After talking, planning and working together for months, Andy Smith, Rick Lee and Jeff Scheible officially formed Green Dot Discs in March of this year.
Andy owns Green Dot Music, which until recently handled Wilmington band Jim Quick & Coastline. Rick Lee is a co-owner/keyboard player of Charlotte, N.C.-based Too Much Sylvia. Jeff Scheible owned Rock Bottom distributing company in Atlanta, Ga. until he closed the business last year.
According to Smith, the fledgling record label is currently focusing on three groups, all which he considers dance bands: Too Much Sylvia, Mark Roberts & Breeze and the Tim Clark Band.
“Our plan is to put out seven products this year,” he told me. “We’ll release a single for each group; a compilation CD that includes probably four tunes from each; and individual CDs for each band.
“The first CD release is Red Sunglasses from Too Much Sylvia during Myrtle Beach’s Sun Fun celebration in early June. The title track is the album’s first single. It’s a lot of fun.”
Mark Roberts & Breeze, formed in late 2007, is already a popular live act throughout the Carolinas. At the 2008 CBMA awards, the band was named New Group of the Year.
Formerly with 80s rock band Sugarcreek,which was owned by Rick Lee, Tim Clark is known throughout the southeast for his strong vocals and showmanship.
“We have three regional bands with marquee appeal … that are ‘in’ with the beach crowd, so we will definitely be catering to the shag market as well as west coast swing, bop in the north,” Smith says.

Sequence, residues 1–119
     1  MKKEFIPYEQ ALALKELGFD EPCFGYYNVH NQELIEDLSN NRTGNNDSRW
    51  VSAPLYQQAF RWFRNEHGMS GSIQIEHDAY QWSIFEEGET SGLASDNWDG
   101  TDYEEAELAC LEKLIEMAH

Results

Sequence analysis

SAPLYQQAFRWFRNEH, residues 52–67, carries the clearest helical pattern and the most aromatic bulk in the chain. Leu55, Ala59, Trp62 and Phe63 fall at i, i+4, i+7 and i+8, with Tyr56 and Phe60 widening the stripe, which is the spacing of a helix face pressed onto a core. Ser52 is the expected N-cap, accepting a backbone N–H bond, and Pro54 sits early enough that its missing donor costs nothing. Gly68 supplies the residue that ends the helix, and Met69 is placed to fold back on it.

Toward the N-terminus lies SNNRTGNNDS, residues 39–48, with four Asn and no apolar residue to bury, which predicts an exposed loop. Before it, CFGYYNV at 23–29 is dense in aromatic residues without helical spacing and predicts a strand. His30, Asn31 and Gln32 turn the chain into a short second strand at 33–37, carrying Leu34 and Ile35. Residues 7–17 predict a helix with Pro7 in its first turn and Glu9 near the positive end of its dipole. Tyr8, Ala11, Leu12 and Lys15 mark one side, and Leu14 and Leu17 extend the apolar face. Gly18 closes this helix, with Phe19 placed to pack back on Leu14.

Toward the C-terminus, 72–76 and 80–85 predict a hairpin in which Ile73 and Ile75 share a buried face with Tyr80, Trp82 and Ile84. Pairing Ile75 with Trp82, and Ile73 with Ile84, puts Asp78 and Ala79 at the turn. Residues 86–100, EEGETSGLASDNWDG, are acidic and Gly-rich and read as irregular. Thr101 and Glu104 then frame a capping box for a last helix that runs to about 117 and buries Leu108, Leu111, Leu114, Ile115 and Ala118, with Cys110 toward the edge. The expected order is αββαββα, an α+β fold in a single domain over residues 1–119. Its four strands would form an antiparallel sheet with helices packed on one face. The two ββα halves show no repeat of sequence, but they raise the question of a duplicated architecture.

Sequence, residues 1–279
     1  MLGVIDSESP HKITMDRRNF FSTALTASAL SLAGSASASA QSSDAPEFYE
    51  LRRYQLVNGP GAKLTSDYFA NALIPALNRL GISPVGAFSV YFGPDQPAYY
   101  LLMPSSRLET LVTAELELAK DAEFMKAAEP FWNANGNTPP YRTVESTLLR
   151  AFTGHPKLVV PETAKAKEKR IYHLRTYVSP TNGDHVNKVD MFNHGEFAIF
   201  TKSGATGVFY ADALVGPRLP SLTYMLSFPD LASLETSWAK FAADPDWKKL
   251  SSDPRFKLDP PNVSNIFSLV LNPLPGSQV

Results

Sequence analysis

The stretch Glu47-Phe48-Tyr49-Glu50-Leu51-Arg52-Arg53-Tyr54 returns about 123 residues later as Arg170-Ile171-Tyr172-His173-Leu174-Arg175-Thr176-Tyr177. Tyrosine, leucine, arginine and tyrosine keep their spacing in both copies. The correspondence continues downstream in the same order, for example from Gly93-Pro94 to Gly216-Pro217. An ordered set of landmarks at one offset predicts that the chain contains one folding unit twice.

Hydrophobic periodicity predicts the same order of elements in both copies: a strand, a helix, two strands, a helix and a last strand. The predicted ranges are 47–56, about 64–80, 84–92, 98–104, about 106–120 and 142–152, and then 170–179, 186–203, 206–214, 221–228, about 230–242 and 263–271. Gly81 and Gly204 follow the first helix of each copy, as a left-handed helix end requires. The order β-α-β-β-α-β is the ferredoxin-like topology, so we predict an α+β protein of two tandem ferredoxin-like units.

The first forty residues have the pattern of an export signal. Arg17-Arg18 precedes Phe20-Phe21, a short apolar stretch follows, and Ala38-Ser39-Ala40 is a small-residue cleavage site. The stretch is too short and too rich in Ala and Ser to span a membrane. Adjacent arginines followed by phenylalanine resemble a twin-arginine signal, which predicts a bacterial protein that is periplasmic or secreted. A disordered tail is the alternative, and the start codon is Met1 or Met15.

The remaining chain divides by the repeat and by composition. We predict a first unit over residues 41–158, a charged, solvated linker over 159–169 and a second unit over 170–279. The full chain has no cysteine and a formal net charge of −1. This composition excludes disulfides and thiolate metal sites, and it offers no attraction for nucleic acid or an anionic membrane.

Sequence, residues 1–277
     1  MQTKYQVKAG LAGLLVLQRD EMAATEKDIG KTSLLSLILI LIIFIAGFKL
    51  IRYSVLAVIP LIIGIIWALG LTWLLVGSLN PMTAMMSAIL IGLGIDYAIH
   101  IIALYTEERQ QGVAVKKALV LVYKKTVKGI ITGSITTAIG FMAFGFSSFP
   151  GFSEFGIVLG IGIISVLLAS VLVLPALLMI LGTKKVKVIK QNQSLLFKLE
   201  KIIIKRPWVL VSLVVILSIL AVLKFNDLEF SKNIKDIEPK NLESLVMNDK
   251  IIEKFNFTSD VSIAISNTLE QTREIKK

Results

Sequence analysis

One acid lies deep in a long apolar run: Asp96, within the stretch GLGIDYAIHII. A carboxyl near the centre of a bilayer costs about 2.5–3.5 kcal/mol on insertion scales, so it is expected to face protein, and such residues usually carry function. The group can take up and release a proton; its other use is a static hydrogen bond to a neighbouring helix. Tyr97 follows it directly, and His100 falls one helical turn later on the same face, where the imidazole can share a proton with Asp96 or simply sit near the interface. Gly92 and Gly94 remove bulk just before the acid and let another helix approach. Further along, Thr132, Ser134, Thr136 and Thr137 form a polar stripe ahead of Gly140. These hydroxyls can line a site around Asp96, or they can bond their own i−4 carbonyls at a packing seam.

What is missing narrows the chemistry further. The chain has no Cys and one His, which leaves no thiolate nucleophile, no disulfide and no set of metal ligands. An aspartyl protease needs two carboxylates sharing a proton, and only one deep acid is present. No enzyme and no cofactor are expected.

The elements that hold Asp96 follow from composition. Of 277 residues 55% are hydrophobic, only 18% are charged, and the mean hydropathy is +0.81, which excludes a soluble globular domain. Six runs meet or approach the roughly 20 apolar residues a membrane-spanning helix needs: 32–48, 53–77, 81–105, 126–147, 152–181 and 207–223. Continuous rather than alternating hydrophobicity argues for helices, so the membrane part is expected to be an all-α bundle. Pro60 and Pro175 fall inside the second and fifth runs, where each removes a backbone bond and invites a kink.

What about the future, I wanted to know. Will you be actively seeking to add artists and will they be dance bands?
Smith’s carefully worded answer was, “We’re not looking to sign great numbers of artists. We want to be selective and find the right ‘fit.’ Will they be dance bands? I expect so. At this point, I don’t see us venturing too far from our original idea.”
Next I asked about distribution. “We will be selling CDs from the stage, and all three bands are on the same page here. They’ll be promoting each other’s CDs. The music will also be in local stores and available for download from the Internet. And last, Green Dot Discs will be offering digital download cards.”
The website isn’t up yet, but will be shortly, so give them a little time and then log onto http://www.greendotdiscs.com. Look for more information about the new recording company to come out soon.
This will also be published in my Beach Newz column(May 21 – Jun 4, 2009, p. 24) in Coast and Alternatives magazines in Myrtle Beach, S.C.
Ready To Party (2009)
Label: KHP Records
Ready To Party, the dance-driven offering from KHP Music features 14 tracks designed to get you on your feet and groovin’ to the music. This is the collection produced in conjunction with the National R&B DJ Association and released in time for Spring S.O.S., the ten-day shag extravaganza held in North Myrtle Beach every year. The compilation includes music for shag, line dancing, bop and swing.
Overall I like this disc a lot. The tunes are a nice mix of originals and covers, which happily, are sufficiently obscure that listeners won’t feel as though they’re sifting through the recycle bin. Plus, the production value is consistently good, which isn’t always the case with compilations.